Shazam, 3.5 readers.
BQB here with a review.
3.5 readers, can we stop for a minute and think about how badly DC/Warner Brothers have screwed the pooch when the movie about the character who is like the joke of the extended DC catalog ends up being one of the better films they’ve made so far?
I just…I can’t even. I mean, I’m glad it was good, but I wish all the other DC films leading up to it had been better. This, Wonder Woman. That’s it.
The plot? In some sort of faraway scary place, a good wizard (Djimoun Hounsou) is forever using his powers to keep demons in the form of the seven deadly sins at bay. The wizard constantly calls upon a slew of kids in the hopes he will find the one who is true of heart enough to take on his power so he can rest. The demons do the same, except when their person comes along, they’ll get to go to earth and wreak havoc.
Long story short, foster kid Billy Batson (Asher Angel) is that kid. Dubbed worthy, he’s given the wizard’s power as well as the alter ego of Shazam. Whenever he shouts that magic word, he becomes a big, strong, powerful and yes, adult superhero (Zachary Levi plays Billy in Shazam form.)
Movies where kids take over adult bodies are in abundance and they usually start off as silly and funny and then take weird turns where you cringe as you hope the writers have sense enough to steer the kids trapped in adult bodies away from adult situations.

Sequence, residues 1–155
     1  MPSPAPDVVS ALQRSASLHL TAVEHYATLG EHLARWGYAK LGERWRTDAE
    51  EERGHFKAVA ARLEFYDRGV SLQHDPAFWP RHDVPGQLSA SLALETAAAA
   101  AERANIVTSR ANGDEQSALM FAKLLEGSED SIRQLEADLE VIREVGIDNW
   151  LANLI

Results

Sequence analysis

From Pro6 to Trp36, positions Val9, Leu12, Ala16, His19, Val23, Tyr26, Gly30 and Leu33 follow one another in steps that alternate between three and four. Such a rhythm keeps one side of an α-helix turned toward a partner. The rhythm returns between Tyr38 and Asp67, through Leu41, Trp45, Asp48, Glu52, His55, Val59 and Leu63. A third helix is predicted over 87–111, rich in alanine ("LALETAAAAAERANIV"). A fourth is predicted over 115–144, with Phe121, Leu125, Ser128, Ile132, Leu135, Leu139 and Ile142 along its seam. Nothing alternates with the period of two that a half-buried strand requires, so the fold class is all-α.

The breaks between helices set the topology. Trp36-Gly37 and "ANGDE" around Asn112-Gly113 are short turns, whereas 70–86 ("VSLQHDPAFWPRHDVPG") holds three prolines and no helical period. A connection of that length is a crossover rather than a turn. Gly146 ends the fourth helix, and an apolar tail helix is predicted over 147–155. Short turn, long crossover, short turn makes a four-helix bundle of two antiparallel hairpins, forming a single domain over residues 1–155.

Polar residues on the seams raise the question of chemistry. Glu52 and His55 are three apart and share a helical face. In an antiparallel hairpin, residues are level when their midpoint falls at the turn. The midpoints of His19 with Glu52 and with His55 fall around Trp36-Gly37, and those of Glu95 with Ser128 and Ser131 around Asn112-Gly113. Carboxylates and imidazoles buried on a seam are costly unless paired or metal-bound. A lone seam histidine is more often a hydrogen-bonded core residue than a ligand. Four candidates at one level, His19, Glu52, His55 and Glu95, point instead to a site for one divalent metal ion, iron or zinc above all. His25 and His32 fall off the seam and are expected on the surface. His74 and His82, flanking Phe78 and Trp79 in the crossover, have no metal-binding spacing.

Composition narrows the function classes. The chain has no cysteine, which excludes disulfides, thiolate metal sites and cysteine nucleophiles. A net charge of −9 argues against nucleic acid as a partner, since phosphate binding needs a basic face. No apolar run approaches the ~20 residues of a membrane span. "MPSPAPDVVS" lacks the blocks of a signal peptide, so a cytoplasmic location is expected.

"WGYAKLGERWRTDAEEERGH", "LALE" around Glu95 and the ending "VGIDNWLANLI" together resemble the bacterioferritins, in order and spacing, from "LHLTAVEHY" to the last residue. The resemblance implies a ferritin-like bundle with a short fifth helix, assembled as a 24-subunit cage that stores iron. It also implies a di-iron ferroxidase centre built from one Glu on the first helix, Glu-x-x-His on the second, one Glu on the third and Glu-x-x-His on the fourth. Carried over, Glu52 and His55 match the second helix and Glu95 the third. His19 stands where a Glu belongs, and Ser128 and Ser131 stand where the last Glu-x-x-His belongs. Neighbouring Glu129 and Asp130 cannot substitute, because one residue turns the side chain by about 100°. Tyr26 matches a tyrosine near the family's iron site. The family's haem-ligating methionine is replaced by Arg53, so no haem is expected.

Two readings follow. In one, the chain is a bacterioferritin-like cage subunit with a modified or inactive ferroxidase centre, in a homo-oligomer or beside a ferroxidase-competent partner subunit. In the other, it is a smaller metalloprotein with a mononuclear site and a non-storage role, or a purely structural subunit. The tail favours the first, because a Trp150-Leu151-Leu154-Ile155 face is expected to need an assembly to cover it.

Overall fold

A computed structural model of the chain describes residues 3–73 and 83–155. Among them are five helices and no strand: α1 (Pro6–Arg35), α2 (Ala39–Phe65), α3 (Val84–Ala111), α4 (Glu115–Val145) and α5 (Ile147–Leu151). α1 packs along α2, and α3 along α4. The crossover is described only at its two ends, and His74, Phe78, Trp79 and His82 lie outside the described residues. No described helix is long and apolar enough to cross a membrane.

Here, the writers manage to navigate those choppy waters deftly and to humorous results. As Billy tries to learn the extent of his newfound powers, how to use them, how to control them, he is joined by his foster brother, Freddy (Jack Dylan Grazer.)
Most of it is about what you expect if two fourteen year olds were suddenly given vast power. They abuse it wantonly, and in the funniest ways possible. They test the limits of Shazam’s power by setting him on fire, throwing him off buildings, getting criminals to shoot him in the face. Each time Shazam emerges impervious the boys laugh and cheer but the audience is left to think, “Well, wait, what if Shazam hadn’t been impervious to fire, falls, or face shootings?”
Thus, the differences of youth, who think they are invincible and adults, who have been beaten down enough times that they know better than to dive into something headfirst, though maybe this keeps adults from achieving their full potential more than they realize, while this also gets kids into trouble more than they realize.
Eventually, Shazam squares off against Dr. Sivana (Mark Strong) the film’s villain, who wants Shazam’s power as his own.
Walking Dead fans will rejoice to see Jerry aka Cooper Andrews in a fairly big film role as Billy’s foster father. Go Jerry.
My main criticism is we are left to wait awhile for Shazam to arrive on the big scene. The first part is dedicated to setting up Dr. Sivana’s origins and once you shlep through that, the fun action of two teenage boys who have control of an adult superhero’s body and so they pretty much send him to buy beer before anything else unfolds.
But really, my main criticism is how badly the DC film universe was rolled out, how there was so much potential and had they invested a bit more time into it, it could have been something but they worried more about getting anything out there than getting something good.
The film references Superman and Batman, the kids being fans of the Caped Crusader and Man of Steel. However, a Superman cameo from the chest down, though funny, just tells me that DC/Warner Brothers doesn’t have their crap together the way Marvel/Disney does. That cameo would have been a hundred times better with Henry Cavill and surely would have tied the movies together. Marvel/Disney has been able to get big actors to drop by in cameos in their films so it just strikes me as there not being the same ability to tie these films and bring all the actors together.